Three months later, little has changed. The PDDH issued another report, dated August 30, 2007 which emphasized a laundry list of illnesses and symptoms found in the inhabitants of Sitio del Nino, and harshly critiqued the government's inaction as a violation of fundamental human rights of the persons living in the shadow of the factory. Now the PDDH plans to take the case to the Human Rights Committee of the United Nations reports Diario Colatino.
This summer, 88 children were tested, the health ministry claims there were 55 children with elevated levels of lead in their blood, Record, however, claims the number is only 15 after it sent the samples outside of El Salvador for testing. Record asserts that any lead contamination in the area comes from sources other than the operations of its factory.
The government has still taken no action. La Prensa reported that the government lacks rules with teeth because there had been a failure to issue limits for stationary source air pollution involving permitted levels of lead which could have been applied to the Record facility. The Minister of Health stated that Record has been allowed to operate without a permit since 2004. The El Salvador Attorney General's office said on September 17 that it lacked sufficient proof of lead pollution to take action against the factory.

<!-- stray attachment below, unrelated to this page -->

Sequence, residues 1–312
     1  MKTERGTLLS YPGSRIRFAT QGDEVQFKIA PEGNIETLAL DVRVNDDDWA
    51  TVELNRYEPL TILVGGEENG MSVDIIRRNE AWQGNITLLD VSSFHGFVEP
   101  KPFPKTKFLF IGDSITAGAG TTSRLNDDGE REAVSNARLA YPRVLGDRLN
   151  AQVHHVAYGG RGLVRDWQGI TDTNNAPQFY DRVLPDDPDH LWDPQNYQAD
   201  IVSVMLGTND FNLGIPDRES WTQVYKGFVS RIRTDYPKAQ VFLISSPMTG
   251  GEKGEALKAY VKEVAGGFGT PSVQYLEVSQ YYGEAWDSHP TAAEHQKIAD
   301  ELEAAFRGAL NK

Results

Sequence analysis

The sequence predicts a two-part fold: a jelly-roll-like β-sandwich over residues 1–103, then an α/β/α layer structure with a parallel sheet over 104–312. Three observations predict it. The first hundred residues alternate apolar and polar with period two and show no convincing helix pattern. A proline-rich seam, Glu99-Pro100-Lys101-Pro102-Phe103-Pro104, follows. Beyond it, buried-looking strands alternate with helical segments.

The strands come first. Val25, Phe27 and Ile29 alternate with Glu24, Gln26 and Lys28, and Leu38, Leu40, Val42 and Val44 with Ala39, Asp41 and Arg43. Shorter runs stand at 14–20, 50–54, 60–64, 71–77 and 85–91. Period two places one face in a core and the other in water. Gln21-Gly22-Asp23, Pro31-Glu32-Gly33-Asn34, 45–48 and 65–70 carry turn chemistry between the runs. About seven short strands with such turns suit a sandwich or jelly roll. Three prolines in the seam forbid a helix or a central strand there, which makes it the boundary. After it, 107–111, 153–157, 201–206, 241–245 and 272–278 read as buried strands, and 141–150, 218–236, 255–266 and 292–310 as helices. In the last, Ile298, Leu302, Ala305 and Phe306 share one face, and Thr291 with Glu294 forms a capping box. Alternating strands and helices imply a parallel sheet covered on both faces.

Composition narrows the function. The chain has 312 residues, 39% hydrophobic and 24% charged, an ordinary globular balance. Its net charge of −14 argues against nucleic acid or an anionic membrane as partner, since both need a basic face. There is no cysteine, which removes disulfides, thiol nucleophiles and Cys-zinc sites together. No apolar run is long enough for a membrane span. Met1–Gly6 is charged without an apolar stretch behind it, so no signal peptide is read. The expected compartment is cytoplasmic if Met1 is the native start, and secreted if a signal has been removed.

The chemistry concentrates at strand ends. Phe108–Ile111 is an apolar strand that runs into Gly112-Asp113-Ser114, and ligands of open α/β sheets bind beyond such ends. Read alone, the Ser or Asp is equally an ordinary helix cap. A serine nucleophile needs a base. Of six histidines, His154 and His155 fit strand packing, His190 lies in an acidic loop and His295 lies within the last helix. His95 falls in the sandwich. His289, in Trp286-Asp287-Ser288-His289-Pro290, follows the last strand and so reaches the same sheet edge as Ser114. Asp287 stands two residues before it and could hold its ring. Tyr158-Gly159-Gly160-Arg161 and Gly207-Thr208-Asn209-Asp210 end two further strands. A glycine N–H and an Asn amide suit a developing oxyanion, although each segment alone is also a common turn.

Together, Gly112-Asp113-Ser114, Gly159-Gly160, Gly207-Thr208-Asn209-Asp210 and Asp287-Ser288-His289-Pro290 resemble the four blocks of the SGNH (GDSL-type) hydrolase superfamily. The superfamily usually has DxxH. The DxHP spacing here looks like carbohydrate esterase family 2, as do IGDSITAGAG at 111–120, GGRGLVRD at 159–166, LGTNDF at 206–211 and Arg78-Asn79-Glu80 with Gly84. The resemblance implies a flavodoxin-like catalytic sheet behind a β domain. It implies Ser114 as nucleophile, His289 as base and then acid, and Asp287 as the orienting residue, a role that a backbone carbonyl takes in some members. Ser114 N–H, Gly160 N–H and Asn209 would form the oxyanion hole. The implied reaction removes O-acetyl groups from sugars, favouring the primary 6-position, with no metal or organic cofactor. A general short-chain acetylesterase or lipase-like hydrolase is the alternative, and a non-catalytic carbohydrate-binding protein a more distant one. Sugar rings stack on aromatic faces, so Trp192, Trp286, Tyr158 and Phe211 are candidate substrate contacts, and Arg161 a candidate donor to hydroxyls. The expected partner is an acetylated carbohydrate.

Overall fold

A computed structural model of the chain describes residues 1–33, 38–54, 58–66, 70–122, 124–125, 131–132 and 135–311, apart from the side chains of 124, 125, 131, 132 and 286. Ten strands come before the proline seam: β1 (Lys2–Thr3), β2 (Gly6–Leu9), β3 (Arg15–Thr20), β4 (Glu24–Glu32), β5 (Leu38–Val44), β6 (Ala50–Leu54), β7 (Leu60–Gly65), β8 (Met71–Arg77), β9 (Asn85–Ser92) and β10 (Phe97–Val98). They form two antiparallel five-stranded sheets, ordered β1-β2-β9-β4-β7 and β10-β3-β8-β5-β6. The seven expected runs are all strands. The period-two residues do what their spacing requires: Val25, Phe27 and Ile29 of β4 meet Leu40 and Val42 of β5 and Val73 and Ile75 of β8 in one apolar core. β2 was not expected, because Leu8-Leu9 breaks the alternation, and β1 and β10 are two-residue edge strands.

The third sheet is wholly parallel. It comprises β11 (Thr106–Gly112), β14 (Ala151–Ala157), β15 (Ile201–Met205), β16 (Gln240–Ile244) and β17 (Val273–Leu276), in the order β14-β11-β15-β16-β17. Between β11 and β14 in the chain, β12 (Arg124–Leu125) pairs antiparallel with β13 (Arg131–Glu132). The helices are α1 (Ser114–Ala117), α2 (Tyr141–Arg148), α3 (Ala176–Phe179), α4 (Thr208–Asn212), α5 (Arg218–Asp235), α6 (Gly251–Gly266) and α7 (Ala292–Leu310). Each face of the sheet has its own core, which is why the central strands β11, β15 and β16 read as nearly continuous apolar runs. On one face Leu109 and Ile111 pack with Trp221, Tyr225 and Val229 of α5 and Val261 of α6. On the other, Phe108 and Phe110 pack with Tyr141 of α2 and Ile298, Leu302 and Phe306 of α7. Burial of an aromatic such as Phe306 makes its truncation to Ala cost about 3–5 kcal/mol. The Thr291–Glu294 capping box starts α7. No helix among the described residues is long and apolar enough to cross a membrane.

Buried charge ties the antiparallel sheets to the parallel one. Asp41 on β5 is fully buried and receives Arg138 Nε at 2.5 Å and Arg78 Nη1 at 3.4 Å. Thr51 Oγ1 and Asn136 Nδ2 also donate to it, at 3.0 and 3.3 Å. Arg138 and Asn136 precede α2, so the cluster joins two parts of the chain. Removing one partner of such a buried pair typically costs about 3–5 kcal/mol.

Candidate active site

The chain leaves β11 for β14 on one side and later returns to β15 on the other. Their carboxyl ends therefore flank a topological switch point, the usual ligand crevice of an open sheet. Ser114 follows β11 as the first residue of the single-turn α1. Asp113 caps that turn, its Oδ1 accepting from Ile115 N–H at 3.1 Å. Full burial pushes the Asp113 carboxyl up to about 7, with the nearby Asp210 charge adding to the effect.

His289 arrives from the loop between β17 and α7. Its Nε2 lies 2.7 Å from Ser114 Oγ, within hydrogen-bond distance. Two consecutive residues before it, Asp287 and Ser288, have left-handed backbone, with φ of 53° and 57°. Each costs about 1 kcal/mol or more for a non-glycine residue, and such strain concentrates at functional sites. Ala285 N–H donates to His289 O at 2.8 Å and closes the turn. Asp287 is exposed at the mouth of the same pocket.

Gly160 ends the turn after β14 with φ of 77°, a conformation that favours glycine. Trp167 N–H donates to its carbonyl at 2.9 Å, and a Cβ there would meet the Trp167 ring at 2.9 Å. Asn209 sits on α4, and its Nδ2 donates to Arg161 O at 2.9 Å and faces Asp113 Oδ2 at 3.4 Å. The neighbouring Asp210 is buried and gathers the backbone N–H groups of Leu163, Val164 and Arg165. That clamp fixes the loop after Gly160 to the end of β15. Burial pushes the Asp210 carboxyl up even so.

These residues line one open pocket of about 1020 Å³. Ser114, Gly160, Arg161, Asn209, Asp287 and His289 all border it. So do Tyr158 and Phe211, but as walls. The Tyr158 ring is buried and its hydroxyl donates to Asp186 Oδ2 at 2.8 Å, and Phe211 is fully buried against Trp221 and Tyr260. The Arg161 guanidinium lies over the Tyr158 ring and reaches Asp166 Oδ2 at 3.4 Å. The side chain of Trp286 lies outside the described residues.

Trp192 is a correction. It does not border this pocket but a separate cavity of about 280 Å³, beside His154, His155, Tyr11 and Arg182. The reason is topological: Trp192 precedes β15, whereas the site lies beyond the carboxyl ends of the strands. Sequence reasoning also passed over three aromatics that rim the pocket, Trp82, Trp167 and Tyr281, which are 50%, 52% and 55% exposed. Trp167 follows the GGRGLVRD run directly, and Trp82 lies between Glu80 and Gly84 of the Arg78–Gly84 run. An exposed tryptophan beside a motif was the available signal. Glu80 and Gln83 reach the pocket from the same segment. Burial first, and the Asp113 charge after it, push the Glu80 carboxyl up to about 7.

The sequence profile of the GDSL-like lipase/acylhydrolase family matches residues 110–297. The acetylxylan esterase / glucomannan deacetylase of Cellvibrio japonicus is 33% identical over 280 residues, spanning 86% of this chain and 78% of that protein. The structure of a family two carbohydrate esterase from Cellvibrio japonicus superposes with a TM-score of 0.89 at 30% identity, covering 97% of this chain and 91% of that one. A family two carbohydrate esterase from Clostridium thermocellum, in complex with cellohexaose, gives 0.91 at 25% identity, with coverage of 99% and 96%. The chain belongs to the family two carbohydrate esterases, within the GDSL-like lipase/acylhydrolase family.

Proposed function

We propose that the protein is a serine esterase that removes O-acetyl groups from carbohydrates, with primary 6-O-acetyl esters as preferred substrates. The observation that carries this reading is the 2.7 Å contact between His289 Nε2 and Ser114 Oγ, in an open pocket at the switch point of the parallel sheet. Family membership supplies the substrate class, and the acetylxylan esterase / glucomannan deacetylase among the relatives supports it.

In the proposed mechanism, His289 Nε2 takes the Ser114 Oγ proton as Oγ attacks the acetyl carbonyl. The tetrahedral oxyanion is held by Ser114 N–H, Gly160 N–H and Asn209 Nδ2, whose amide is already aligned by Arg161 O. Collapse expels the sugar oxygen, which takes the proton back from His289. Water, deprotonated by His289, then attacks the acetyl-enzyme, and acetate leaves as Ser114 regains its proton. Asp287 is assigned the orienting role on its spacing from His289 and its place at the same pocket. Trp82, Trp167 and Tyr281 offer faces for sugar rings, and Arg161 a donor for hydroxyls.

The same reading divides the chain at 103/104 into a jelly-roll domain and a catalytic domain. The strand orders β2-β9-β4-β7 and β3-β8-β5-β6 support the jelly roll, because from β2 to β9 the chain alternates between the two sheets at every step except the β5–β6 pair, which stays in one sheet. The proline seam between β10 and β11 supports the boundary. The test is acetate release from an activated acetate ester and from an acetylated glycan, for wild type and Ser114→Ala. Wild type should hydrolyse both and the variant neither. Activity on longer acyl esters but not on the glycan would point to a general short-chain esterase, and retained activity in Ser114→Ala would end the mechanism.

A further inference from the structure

Record Battery is owned by the prominent Lacayo family. Miguel Lacayo, was the Salvadoran Minister of the Economy under President Francisco Flores. Lacayo was criticized in 2001 for advocating a change in customs duties which would lower tariffs on the battery materials shipped by his company. Record Battery received financing for expansion in the late 1990's from the International Finance Corporation, part of the World Bank.
A description of the processes employed in the Record factory is contained in this trip report from the International Lead Management Center, a lead industry funded organization.
Record portrays itself as a "green" company as this presentation from 2005 shows. Record is also part of something called the Green Lead Initiative, a lead industry initiative to promote environmentally safe use and processing of lead. (It is worth acknowledging that the handling and disposal of old lead batteries is a significant environmental issue which is a challenge for developing countries as described in this presentation on recycling used lead acid batteries in Latin America and Caribbean ).